The vice president shared a draft of her company's new values project.
She had been working with two other executives to create them. They had come up with nine after several brainstorming sessions.
On paper, they looked good. These were solid, reasonable values that were all straight out of the corporate values catalog. Nothing controversial.
There were two problems.
The first issue was the company already had a lot of cultural artifacts. A cultural artifact is something that helps people understand your organization's culture, like a mission, vision, or set of values.
This company already had a lot:
- Mission statement
- Service promise
- Service motto
- Brand tagline
Now, they were planning to introduce a new set of values on top of everything else. Which led to the second problem.
Some of those nine values weren't accurate. Communication was number three on the list. "Oh, we suck at communication!" said the vice president.
Perhaps you face a similar mess. Here's how you can untangle it.
Focus vs. Confusion
Companies' cultural artifacts frequently feel empty because organizations often have too many or the existing ones are inauthentic.
In the rush to create another tagline, motto, or corporate vision, nobody takes the time to decide what one statement is the most important or ensure all the artifacts are in alignment.
If everything is important, then nothing is important.
In The Service Culture Handbook, I related the story of a restaurant chain I worked with that had too many cultural artifacts.
It had a mission statement, a brand promise, a set of four service promises, and a list of 17 service standards that waitstaff were expected to follow with every guest.
Employees weren't quite sure which was most important.
This was especially challenging since some of these cultural artifacts didn't clearly support each other. For instance, the mission statement described a desire to create amazing experiences while the service standards emphasized up-selling and efficiency.
At an executive retreat, I posed the question to the CEO, his executive team, and the general managers of each individual restaurant: which cultural artifact is most important?
There initially wasn't a consensus, but it led to a good discussion. The group finally agreed that the mission statement should be the primary guide for the employees.
Next, they decided to rethink their existing cultural artifacts. Some were eliminated while others were simplified and aligned with the mission. The 17 service standards were slimmed down to 10.
The restaurant chain's leadership team then communicated the revised artifacts to employees with a renewed emphasis on the mission.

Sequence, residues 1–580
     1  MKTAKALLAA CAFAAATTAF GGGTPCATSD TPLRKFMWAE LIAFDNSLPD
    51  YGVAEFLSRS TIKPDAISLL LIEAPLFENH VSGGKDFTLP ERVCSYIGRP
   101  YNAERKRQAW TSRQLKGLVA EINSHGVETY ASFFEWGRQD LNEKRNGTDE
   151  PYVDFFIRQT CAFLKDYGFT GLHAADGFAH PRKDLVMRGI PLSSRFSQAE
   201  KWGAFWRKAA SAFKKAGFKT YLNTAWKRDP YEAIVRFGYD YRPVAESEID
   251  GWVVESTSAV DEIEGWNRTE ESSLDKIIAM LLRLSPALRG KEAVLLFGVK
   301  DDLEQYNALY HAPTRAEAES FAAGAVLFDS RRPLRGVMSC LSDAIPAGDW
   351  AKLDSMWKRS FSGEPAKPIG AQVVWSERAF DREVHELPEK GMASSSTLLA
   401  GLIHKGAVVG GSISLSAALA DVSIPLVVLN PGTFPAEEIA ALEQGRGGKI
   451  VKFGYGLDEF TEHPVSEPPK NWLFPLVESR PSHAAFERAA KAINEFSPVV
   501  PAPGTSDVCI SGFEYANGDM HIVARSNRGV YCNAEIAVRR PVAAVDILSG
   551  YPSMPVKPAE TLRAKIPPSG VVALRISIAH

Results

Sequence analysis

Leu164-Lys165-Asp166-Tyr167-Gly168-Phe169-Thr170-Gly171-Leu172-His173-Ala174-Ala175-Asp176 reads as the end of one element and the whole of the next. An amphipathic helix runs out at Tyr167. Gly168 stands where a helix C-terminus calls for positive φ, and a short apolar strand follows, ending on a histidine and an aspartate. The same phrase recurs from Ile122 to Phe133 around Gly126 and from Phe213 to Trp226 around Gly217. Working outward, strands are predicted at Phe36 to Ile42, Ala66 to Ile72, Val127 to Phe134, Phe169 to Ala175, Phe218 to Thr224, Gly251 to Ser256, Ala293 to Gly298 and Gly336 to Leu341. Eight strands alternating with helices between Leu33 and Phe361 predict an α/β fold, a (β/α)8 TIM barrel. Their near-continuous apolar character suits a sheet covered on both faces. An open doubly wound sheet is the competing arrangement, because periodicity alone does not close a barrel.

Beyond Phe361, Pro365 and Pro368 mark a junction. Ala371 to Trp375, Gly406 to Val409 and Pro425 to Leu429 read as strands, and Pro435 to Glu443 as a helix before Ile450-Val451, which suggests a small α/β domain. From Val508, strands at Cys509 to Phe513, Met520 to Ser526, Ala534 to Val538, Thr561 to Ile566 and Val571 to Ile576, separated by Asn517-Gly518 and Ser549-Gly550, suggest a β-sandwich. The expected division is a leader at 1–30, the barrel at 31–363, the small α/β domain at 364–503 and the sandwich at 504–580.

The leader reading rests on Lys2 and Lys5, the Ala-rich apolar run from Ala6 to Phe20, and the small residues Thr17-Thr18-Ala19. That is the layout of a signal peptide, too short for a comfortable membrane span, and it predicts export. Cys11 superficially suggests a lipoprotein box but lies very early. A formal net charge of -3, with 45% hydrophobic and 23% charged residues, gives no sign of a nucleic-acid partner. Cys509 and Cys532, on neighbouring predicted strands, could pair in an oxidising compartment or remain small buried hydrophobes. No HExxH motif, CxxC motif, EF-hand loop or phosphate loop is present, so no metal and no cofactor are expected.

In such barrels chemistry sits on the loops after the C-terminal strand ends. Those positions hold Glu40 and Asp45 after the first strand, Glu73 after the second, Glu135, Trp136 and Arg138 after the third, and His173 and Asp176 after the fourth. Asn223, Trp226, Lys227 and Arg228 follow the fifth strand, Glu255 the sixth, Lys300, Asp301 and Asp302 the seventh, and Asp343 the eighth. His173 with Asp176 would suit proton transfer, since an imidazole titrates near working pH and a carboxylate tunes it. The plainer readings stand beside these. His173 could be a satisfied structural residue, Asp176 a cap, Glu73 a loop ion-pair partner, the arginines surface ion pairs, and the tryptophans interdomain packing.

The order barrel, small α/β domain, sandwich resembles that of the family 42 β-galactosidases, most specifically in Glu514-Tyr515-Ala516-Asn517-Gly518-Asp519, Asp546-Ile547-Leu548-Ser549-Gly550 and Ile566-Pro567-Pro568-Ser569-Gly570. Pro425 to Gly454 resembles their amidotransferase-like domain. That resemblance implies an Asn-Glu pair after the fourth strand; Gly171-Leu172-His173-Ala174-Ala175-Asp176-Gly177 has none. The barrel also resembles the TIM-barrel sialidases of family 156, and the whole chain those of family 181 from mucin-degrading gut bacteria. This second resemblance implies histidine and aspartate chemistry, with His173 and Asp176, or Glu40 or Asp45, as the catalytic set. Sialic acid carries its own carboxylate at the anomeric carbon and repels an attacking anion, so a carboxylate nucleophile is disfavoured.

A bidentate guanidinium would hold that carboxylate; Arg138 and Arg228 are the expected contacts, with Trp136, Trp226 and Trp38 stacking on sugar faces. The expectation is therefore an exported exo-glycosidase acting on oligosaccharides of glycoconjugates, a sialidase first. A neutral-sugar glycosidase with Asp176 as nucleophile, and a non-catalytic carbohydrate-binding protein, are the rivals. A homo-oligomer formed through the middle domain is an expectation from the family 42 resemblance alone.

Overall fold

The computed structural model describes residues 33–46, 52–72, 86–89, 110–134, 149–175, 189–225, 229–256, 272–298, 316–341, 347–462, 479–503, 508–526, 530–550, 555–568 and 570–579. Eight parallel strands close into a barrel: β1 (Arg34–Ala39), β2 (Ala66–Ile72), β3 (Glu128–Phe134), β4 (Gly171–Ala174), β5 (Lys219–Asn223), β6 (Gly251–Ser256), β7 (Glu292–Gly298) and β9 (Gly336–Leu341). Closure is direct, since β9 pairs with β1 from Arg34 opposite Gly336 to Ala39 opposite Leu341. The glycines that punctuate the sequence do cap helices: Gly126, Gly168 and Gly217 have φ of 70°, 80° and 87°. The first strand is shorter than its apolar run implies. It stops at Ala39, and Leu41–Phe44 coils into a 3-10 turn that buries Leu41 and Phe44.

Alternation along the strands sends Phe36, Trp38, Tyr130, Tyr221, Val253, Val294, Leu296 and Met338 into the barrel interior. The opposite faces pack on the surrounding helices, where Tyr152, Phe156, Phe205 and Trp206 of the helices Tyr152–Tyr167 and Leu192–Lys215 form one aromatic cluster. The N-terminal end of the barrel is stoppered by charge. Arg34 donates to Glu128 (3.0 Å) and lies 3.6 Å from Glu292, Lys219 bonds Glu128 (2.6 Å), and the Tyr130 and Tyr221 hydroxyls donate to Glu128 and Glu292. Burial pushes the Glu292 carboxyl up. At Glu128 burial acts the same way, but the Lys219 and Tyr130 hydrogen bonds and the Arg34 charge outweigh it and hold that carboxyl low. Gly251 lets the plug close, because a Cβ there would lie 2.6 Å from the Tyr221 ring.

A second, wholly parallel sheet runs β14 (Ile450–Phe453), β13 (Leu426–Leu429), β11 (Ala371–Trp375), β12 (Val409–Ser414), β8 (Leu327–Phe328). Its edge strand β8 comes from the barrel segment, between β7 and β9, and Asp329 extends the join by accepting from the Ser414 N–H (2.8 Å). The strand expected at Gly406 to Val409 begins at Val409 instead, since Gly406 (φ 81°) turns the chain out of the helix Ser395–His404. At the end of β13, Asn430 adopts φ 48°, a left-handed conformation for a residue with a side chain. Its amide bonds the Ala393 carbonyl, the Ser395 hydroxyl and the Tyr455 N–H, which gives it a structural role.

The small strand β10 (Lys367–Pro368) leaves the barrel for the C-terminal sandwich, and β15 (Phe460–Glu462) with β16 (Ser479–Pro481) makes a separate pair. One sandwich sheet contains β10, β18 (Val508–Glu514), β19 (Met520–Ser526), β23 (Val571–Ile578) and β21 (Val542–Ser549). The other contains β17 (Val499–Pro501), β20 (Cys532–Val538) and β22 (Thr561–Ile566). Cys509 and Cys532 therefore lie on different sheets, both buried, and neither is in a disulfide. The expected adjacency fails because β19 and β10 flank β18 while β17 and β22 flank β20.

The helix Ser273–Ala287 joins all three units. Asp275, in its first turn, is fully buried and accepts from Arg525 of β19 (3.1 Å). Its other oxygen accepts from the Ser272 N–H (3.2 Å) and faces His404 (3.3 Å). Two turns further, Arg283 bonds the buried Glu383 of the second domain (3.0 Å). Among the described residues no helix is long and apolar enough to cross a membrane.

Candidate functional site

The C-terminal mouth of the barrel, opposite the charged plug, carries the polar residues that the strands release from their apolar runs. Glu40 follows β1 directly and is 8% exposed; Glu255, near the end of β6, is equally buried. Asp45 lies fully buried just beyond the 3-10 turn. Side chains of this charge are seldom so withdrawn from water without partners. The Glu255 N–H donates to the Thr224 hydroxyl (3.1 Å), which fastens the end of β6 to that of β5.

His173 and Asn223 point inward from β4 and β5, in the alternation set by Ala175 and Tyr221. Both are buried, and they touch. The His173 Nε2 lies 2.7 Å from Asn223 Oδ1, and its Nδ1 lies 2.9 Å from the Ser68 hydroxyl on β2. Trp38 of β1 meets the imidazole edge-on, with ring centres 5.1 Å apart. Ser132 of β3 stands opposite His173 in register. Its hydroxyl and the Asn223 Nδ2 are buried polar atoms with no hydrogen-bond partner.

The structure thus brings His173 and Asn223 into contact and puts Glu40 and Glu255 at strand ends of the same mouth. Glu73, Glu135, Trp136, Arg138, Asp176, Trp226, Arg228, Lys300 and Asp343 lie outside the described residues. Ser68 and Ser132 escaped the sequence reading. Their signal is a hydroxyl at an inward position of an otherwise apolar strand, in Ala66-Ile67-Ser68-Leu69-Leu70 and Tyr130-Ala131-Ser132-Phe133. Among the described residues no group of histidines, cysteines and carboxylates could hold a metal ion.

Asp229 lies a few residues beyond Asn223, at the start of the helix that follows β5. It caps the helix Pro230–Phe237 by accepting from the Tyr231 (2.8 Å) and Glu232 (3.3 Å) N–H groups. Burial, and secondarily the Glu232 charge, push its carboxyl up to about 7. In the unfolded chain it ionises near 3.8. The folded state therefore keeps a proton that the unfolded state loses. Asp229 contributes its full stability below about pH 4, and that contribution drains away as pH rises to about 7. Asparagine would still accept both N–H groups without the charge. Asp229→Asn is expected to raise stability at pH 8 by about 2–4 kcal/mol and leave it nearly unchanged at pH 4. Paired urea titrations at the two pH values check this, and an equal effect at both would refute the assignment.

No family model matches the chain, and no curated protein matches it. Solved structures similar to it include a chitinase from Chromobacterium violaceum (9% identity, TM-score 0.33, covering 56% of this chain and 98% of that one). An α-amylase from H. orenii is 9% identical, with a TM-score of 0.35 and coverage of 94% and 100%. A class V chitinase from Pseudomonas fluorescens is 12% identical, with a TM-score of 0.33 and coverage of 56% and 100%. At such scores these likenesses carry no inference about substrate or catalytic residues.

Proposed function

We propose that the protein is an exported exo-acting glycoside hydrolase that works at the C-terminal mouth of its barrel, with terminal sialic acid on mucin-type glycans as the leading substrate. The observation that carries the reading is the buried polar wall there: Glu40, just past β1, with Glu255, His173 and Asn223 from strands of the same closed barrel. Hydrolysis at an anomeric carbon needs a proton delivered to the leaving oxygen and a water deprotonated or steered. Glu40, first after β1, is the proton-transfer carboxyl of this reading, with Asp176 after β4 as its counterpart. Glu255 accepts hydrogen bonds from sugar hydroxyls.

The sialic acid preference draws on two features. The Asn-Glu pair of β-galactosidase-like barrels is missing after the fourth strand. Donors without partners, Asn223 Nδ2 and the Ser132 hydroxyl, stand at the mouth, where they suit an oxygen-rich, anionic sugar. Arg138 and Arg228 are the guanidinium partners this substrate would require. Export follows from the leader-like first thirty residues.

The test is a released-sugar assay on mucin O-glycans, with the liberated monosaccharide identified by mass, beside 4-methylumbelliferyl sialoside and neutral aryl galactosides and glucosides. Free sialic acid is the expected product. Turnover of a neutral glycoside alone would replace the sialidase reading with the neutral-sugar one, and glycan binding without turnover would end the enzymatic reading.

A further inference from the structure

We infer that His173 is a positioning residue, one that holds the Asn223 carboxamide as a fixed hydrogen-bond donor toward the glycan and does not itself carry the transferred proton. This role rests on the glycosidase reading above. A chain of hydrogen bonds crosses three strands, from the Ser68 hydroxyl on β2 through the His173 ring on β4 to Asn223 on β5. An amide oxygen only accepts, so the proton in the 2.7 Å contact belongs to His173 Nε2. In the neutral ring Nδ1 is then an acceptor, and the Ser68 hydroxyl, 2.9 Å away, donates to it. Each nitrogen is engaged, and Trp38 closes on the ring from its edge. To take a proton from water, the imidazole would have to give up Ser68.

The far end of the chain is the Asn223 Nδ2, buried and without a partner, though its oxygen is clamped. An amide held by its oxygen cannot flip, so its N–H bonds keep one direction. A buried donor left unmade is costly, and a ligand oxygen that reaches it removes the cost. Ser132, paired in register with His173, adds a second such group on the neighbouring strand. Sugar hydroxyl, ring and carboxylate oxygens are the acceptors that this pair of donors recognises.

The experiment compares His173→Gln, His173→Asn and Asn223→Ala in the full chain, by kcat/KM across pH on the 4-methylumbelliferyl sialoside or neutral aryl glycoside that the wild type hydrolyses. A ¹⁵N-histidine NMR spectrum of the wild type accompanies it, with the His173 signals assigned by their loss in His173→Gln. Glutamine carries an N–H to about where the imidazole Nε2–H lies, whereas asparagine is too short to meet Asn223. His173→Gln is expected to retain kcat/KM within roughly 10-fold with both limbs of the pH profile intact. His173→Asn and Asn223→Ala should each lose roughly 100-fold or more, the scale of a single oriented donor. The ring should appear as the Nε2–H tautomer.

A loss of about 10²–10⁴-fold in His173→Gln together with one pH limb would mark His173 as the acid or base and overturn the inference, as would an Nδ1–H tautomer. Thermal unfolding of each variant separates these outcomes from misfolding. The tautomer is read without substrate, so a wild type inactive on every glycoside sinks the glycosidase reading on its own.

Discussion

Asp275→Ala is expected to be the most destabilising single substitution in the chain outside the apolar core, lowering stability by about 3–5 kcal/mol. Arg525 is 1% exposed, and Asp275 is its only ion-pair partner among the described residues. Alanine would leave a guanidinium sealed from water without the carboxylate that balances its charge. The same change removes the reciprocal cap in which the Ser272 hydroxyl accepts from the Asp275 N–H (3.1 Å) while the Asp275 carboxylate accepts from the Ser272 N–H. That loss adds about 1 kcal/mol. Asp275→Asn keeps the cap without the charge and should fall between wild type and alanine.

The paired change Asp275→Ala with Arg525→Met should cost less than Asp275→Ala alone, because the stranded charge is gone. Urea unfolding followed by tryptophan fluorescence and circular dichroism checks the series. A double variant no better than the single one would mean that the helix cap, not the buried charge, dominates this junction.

Not surprisingly, service quality improved once employees had a consistent understanding of what outstanding service should be.
Where a Customer Service Vision Fits In
In customer-focused companies, the most important cultural artifact is a customer service vision.
A customer service vision is a shared definition of outstanding service that guides all employees' actions when it comes to serving customers.
What if your company already has some pretty important artifacts?
When my clients face this challenge, I usually suggest two options. Option one is to make one of your existing artifacts do double-duty as the customer service vision.
In many companies, the organization's mission, vision, or values is also the customer service vision. There's no need to add yet another statement to the mix!
For example, take a look at REI's mission statement:
At REI, we inspire, educate and outfit for a lifetime of outdoor adventure and stewardship.
This is why the company exists (hence, the mission), but it also paints a clear picture of what type of service employees should strive to provide. Go visit an REI location today and you'll almost certainly find enthusiastic retail associates who will try to help you enjoy the outdoors!
In some cases, none of my clients' existing cultural artifacts are particularly inspiring. (They decide this, not me.) That's when I suggest a second option: replace one of your existing artifacts with the new vision.
I recently helped a client do this and it was amazing how much the new vision energized employees.
Take the Three Question Test
Here's an easy way to tell if a cultural artifact is actually relevant.
Select one of your cultural artifacts (mission, vision, values, motto, tagline, etc.). Talk to a random sample of employees and ask them three questions about that artifact:
- What is it?
- What does it mean?
- How does it guide the work that you do?
You can tell the artifact has virtually no meaning if employees aren't aware of it or can't give consistent or clear answers to those questions.
In customer-focused companies, every employee can give a consistent answer to the three questions when asked about the customer service vision.
You can learn more about customer service visions and how to create one here.